“Hold yourself responsible for a higher standard than anybody expects of you. Never excuse yourself.” –  Henry Ward Beecher

The kids are warring over bedroom space — even the dog wants more room! So one Saturday you innocently load everyone into the car, in search of a larger home. Emotionally, it makes sense.

But financially, are you prepared to part with some of your hard-earned equity (not to mention a bit more of your paycheck) in order to purchase a larger home? It’s going to cost you money to move up.

Simply explained, equity is the difference between what you owe on your home (all its mortgages, liens, etc.) and what you could obtain on the open market LESS YOUR COSTS OF SALE. (And the last part of that sentence is often overlooked by over-zealous move-up buyers!) But looking before you leap can make the difference between a financially prudent new purchase and a haunting economic disaster! Let’s evaluate the costs.

1) Some increased costs of purchase are obvious: You’ll be paying a larger mortgage payment monthly to own a larger home (depending on your down payment) your taxes will increase, and yes, even your home owner’s insurance will be more. And if your down payment isn’t at least twenty percent of the purchase price, you may even have private mortgage insurance to pay. It all adds up; but

2) Some increased costs of purchase aren’t so obvious: What about upkeep and maintenance? Utilities? Even the extended period of time it takes to clean the home on the weekend, taking time away from your family and other “fun” things—are you prepared for that?

3) One category most of us overlook when taking the “move up” plunge is to evaluate the chunk of equity it will cost us to sell our existing home, pay our buying costs, and move into another. Since 80% of all sellers hire a broker to sell their existing home (often saving money overall in doing so), you’ll no doubt benefit by that cost. You’ll add to it the additional sales costs of title insurance, transfer taxes, deed preparation, tax pro-ration—-basically all the costs paid by the seller when you purchased the home.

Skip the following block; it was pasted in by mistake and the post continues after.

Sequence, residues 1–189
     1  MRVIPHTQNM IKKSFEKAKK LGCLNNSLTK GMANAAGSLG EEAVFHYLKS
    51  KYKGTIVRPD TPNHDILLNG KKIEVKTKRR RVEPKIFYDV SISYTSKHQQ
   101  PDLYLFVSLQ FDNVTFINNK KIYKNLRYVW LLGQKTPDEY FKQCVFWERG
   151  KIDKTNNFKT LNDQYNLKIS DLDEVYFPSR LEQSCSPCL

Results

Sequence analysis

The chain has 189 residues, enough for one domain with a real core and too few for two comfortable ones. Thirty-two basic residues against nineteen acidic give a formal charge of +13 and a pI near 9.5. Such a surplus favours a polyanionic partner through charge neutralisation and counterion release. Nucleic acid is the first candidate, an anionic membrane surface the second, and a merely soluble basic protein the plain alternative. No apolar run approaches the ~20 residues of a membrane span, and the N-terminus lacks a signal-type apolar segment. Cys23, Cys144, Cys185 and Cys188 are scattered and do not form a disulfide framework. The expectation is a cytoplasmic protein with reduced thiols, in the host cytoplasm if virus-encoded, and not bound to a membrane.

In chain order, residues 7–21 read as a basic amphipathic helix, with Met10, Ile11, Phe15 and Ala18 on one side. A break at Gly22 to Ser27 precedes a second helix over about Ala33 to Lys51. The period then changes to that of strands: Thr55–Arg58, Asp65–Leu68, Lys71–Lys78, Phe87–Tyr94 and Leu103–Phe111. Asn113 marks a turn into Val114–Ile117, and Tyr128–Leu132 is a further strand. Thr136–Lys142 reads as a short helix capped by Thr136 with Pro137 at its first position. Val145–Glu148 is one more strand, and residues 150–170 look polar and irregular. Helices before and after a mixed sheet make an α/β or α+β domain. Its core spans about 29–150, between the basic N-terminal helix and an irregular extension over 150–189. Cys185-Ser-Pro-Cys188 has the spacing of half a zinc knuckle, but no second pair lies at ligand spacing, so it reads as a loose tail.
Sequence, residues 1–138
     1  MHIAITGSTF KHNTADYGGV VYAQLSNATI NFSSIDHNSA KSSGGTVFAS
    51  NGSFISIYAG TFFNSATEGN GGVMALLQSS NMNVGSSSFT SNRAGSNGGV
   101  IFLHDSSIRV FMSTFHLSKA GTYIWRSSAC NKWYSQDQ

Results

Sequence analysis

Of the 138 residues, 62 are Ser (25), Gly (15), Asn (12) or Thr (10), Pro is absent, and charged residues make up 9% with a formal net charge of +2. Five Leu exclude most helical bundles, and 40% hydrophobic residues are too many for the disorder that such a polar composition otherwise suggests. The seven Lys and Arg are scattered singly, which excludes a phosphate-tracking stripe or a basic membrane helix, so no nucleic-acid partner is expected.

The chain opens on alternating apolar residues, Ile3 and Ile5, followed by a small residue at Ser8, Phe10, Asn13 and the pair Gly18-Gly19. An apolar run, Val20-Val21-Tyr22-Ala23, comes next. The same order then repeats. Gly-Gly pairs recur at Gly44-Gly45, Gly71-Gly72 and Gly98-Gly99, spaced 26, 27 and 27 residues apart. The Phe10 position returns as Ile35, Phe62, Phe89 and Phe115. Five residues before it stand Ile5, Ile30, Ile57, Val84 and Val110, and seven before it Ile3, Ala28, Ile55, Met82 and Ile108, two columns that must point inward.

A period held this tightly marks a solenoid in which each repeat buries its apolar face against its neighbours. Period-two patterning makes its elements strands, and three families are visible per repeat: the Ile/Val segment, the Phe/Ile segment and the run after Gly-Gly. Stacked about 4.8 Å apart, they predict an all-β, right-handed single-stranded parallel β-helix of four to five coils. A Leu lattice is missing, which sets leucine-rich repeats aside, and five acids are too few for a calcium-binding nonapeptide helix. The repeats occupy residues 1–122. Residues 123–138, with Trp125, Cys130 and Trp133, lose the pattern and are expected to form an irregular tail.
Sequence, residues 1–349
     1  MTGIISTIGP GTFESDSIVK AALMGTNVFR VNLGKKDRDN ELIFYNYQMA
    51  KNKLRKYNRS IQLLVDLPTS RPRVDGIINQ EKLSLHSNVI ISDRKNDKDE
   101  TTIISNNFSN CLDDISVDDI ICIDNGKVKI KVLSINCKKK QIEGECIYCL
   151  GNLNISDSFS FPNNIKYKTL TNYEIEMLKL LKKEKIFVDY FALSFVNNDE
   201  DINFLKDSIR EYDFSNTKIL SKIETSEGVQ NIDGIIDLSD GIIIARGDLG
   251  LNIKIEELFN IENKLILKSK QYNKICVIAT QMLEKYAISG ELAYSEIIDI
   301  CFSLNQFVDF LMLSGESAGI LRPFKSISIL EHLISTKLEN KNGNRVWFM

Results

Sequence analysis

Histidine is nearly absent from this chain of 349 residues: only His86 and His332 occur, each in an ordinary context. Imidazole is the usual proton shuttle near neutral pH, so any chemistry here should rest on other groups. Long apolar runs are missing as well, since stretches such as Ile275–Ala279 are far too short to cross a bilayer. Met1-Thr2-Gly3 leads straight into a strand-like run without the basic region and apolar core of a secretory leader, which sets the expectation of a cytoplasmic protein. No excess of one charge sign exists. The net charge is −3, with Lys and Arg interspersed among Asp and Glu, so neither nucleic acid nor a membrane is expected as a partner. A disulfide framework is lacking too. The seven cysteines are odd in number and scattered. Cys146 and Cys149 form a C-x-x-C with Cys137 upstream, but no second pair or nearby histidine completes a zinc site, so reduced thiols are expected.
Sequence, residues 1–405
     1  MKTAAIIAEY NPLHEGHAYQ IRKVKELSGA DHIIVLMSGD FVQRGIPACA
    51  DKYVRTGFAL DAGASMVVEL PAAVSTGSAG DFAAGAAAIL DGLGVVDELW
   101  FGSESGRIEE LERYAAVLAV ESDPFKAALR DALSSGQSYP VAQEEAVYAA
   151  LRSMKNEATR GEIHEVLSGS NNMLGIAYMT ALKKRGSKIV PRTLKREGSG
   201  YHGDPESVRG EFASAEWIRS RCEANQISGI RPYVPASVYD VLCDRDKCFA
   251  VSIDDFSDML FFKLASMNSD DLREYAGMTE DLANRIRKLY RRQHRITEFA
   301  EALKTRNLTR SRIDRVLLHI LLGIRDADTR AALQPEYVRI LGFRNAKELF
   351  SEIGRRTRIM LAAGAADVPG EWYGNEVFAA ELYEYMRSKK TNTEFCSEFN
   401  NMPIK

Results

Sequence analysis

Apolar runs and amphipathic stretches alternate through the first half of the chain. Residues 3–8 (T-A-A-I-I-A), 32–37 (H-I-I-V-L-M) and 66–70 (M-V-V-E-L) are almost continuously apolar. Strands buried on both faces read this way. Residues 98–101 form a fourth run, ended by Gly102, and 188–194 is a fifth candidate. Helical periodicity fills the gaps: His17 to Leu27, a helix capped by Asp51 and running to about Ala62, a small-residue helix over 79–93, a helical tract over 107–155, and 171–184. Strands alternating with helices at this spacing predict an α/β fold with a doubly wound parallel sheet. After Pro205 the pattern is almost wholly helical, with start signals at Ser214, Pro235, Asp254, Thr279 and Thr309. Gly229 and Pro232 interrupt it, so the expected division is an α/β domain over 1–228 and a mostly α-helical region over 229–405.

So should you move up? The answer depends on what you’re trying to achieve. If you’re purchasing a home that will appreciate faster than your current one, gives you more space, is in a better neighborhood, and/or will make you psychologically happier, it may make sense to move. It’s true that happiness becomes the over-riding factor to the move-up buyer. Yes, you may want different features than you have in your current home; but you also know that housing is housing— but being happy where you live is paramount!

The bottom line is that homebuyers purchase with their “gut” and justify the purchase with their wallet. Long after you’ve crunched the sales cost numbers and consulted with an expert to evaluate a new neighborhood, you’re still likely to follow your gut instincts and purchase the home that tugs hardest on your heart-strings. After all, it’s what living the American Dream is all about.